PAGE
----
The va-Q-tec containers are going to be used for sending Covid-19 vaccines across the world. The vaccines need to be stored in a controlled environment between 2°C and 8°C (about 36°F to 46°F) for at least 96 hours during transportation. According to Fedex, says the company, the pharmaceutical industry is estimated to incur $15 billion in product losses each year due to temperature deviations alone, and approximately 1.5% of all pharmaceutical shipments are marked as scrap due to logistical failures.
SODAQ has developed an ultra-low-power and ultra-thin tracking smart label, which uses a printed battery and, in addition to sensing location it senses impact, acceleration, temperature, and the opening of a box. The solution the company designed for the vaccines comes with a rechargeable standard lithium battery, which, at 6 mm thick, is actually the thickest component of the entire device - all other components such as the Nordic nRF9160 chip, the temperature sensor, USB recharge connector, and the antenna are all slimmer enabling the device to be inserted into the double sided cardboard layer of the transportation box.
The test run involved fifty single shipments, not all of which were with va-Q-tec boxes. All runs performed exactly as intended, says the company, something that does not occur often in proof of concepts using prototypes.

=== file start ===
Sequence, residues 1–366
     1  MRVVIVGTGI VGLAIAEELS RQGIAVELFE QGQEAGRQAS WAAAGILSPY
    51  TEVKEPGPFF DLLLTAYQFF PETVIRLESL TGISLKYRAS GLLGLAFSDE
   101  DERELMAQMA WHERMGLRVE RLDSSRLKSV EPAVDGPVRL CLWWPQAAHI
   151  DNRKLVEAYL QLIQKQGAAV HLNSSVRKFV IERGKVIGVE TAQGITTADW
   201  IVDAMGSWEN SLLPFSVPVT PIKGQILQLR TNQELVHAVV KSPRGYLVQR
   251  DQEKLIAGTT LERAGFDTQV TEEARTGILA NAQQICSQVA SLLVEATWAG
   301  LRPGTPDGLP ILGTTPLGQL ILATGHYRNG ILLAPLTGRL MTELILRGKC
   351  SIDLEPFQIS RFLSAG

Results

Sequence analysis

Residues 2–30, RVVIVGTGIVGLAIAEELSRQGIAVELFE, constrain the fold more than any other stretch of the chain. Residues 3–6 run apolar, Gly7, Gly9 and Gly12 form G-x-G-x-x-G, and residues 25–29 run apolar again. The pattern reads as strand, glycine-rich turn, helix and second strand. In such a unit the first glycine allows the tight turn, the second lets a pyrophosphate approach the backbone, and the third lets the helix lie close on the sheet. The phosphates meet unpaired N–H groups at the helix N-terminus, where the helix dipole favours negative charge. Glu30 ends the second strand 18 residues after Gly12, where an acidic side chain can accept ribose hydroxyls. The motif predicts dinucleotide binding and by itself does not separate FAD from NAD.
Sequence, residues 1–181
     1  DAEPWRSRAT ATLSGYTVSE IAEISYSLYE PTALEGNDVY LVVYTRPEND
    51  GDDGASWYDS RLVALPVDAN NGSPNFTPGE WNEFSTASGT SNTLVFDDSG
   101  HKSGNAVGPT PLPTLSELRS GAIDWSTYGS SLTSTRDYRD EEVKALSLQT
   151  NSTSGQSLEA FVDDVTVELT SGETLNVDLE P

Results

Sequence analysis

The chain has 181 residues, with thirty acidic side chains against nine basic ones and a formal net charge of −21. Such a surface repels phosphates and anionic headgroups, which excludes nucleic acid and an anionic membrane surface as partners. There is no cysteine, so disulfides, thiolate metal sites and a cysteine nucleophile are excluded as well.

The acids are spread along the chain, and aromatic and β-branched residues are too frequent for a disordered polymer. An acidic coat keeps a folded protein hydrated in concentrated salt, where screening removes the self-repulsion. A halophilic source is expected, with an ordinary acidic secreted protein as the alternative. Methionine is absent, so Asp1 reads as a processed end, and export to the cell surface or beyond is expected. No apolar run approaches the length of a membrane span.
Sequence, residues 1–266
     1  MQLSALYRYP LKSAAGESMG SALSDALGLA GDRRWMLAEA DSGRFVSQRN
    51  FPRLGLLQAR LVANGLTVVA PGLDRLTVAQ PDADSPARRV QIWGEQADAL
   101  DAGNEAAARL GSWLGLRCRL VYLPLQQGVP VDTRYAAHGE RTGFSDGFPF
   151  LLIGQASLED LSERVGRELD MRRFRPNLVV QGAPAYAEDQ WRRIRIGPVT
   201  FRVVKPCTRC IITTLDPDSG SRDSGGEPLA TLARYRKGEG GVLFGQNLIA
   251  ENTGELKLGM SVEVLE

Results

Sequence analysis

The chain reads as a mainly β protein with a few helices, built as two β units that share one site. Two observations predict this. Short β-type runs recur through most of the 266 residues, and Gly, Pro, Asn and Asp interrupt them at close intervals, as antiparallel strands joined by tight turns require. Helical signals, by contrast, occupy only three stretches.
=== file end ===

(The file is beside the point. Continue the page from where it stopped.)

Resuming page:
The test included the recharging of the device, reusing the device on the same box, and reusing the device on a new box and shipments to various European countries such as Italy, Poland, Germany, the UK, France, and Spain, and in addition to the US and Canada. In all countries either LTE-M and otherwise NB-IoT connected properly and correctly to the device, says the company.
The global connectivity for the pilot was provided via APIs from IoT Connectivity company monogoto, which provides Infrastructure as a Service (IaaS) for secure cellular connectivity. The monogoto connectivity solution includes a self-service management platform and over 400 APIs for